The Best of 2021
#20-#16 | #15-#11 | #10-#6 | #5-#1
Let’s have a conversation about the twenty best singles of 2021.
ZK: Morgan Wade’s debut single is explosive in more ways than one, sporting one of the most infectious hooks of the year along with a generally atmospheric, rollicking high that encapsulates its free-spirited energy from beginning to end. Songs about troubled pasts are nothing new in country music, but there’s a sense of mature framing here in learning from that past and finding ways to move beyond it while also learning more about ourselves along the way. Sometimes we need those wilder days to find better tomorrows.
KJC: There’s a sadness to Wade’s performance that suggests a concern that they might be meeting at the wrong time, as if she’s worried that she’d have been more appealing to him if his wilder days were still underway. Maybe she needs a secret of his to hold on to before she feels safe sharing her own.
JK: Confession time: I had “Wilder Days” in the mix for my own ballot but ended up hedging my bets that it would be more of a 2022 hit based on the fact that it was pushed to radio in October and, despite the pivot to Christmas and year-end programming, has gotten some real traction. As of this writing, it’s top 50 with a bullet, and what a wondrous thing it will be if a single like this actually gets embraced by country radio. Wade is one to watch as we move further into the new year.
“Harlem River Blues”
Steve Earle & The Dukes
JK: “Tell my mama I love her / Tell my father I tried,” was always the most fraught line in all of Justin Townes Earle’s exceptional catalogue, especially in the context of a gospel rave-up on which he sings of drowning himself at a moment when he’s most confident he’s in the Lord’s good graces. Hearing JTE’s actual father, Steve, sing that line in the aftermath of his untimely death? It just rips my heart out. It’s the most emotionally resonant thing Steve Earle has committed to record in decades, but at what a cost.
ZK: Truthfully, I didn’t take a deep-dive into Justin Townes Earle’s discography until after his passing, but it doesn’t take much to understand the weight behind this tribute – even if it is one of Earle’s most rollicking songs. Even still, Jonathan highlights why it cuts here nonetheless. And then, when everyone comes together in those final few moments … well, it’s another reason why it’s one of Steve Earle’s finest performances in years.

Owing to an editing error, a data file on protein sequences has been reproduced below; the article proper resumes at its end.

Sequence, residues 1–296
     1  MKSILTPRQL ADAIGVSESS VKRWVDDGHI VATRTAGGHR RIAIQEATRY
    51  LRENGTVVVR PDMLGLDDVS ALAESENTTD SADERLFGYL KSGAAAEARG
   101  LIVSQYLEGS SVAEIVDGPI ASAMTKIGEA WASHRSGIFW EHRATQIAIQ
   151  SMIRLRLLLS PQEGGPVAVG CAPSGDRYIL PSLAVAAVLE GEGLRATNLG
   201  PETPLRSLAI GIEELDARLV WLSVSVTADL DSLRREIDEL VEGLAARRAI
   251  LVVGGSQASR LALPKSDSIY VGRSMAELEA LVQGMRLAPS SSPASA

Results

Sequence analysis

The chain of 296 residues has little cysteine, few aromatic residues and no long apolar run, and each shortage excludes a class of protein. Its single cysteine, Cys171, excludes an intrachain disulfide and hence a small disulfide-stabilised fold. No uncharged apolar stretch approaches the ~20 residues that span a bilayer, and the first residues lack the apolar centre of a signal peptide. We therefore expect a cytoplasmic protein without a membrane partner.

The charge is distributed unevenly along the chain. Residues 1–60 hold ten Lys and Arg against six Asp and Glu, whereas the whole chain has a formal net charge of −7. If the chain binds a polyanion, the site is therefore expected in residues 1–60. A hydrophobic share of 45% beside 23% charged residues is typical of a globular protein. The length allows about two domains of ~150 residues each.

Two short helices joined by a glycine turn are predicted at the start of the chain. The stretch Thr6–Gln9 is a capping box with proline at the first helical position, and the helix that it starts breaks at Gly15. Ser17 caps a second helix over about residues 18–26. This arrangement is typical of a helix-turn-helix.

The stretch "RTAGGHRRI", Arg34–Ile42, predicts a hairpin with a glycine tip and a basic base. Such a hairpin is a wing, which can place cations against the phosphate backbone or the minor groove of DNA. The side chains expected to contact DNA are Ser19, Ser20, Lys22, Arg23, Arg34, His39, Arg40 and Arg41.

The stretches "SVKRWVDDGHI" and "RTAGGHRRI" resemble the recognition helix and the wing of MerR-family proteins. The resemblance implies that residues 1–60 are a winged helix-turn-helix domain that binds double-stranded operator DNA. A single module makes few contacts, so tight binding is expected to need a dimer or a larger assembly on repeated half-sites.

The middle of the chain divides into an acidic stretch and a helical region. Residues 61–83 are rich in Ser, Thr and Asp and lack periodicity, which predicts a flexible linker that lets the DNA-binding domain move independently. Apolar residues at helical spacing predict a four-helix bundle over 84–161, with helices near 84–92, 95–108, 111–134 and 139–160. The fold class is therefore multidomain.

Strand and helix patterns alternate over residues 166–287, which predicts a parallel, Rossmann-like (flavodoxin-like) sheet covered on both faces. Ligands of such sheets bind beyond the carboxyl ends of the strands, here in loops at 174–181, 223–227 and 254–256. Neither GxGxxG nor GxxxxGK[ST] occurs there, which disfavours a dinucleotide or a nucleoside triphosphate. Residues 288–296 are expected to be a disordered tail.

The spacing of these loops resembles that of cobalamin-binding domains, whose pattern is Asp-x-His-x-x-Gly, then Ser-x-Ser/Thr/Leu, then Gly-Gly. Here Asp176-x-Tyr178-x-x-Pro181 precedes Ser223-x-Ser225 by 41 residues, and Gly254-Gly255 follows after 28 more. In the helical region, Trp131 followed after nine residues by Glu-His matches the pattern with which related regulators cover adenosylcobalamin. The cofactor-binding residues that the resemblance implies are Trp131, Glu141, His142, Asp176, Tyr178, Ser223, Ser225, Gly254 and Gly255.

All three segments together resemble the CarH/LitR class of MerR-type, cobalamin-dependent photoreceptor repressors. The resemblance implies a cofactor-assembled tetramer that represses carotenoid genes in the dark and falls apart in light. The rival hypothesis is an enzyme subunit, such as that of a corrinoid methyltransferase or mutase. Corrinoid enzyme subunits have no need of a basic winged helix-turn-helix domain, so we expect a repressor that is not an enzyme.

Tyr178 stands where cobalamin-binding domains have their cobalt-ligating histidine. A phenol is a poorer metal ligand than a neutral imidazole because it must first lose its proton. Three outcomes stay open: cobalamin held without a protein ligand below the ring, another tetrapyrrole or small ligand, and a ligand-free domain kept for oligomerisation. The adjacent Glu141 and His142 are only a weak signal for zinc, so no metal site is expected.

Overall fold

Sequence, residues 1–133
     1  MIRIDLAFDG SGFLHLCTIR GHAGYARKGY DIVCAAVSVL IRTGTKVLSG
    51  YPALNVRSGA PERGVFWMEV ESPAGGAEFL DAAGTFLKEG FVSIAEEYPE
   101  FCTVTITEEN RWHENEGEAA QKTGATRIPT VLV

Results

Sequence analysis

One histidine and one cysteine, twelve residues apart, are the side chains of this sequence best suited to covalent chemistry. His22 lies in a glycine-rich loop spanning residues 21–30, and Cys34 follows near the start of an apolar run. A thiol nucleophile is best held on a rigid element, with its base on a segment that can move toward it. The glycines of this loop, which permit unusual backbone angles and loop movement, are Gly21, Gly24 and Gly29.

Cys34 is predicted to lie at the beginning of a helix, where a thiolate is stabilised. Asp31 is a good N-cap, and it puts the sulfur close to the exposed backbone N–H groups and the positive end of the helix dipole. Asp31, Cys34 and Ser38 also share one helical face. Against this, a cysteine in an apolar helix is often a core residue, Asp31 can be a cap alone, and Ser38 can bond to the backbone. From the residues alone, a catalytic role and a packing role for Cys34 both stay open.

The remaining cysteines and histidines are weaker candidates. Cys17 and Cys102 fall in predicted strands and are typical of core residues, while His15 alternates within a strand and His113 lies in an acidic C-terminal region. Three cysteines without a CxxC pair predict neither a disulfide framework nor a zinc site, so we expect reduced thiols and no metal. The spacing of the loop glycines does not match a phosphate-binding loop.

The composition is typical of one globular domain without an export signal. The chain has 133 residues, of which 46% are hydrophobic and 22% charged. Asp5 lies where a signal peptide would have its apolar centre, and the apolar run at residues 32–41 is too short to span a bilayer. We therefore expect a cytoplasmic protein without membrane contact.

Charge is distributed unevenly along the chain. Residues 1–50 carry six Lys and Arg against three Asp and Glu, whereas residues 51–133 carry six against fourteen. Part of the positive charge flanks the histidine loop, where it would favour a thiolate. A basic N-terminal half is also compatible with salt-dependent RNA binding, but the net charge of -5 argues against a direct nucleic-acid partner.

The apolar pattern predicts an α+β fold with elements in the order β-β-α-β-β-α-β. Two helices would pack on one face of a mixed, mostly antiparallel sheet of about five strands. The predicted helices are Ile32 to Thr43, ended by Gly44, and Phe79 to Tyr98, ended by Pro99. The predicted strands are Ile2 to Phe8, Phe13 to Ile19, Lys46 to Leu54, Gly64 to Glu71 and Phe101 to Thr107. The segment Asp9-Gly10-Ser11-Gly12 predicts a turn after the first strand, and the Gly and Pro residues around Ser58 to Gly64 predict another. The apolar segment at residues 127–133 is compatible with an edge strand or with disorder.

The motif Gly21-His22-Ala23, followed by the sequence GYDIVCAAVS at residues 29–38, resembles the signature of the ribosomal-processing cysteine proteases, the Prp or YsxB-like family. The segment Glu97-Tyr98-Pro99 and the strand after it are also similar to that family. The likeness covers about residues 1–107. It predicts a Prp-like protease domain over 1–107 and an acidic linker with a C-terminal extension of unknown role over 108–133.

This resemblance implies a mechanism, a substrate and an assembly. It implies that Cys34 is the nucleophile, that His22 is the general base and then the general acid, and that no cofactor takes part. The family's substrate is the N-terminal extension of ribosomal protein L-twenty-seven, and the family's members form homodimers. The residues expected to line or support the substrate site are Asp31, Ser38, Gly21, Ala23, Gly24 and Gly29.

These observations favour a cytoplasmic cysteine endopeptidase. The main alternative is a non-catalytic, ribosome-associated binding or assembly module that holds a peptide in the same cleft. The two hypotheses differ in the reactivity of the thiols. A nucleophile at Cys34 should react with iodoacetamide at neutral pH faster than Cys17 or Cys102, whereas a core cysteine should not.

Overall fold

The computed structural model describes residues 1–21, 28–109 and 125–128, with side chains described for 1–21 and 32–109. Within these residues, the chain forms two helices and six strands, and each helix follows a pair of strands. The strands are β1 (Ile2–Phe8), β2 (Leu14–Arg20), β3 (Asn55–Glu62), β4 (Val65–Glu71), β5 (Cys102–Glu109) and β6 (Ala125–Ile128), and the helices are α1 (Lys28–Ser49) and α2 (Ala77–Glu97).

KJC: I can’t even begin to unpack the pathos of this record, so I’m thankful that my colleagues have already done so. So I’ll focus instead on the joy of this record, with the death by drowning feeling like a glorious release instead of an unfortunate demise. If Earle has any doubt that his son has finally found peace, he doesn’t show it here.
ZK: Trying to decode Pony Bradshaw’s work feels like an exercise in futility, mostly because his distinctly rural framing forces listeners to see his complicated characters not through the stereotypes associated with them, but as … well, people. The devil’s in the fine details, from the accented strumming that opens the song that carries a punchy, folksy rollick to it alongside the galloping percussion that evolves into an even faster-paced stomper by its end. Heady in terms of its framing, but anthemic nonetheless.
JK: What a fantastic pick this is, Zack. This one was not on my radar prior to compiling my own list, but it’s right in my wheelhouse. What I loved most about Dopesick was its rounded portrayals of rural Americans who are so often condescended to in popular culture, and Bradshaw’s songwriting here strikes the exact same chord.
KJC: I love the stripped down simplicity of this track. It sounds like something from many long days gone by, thanks to Bradshaw’s phrasing and choice of arrangement. But the lyrics are contemporary and relevant, and do a better job of capturing the true isolation and sense of being overlooked that exists in America, far better than any of the Coca-Cola cowboys on the radio have been able to do.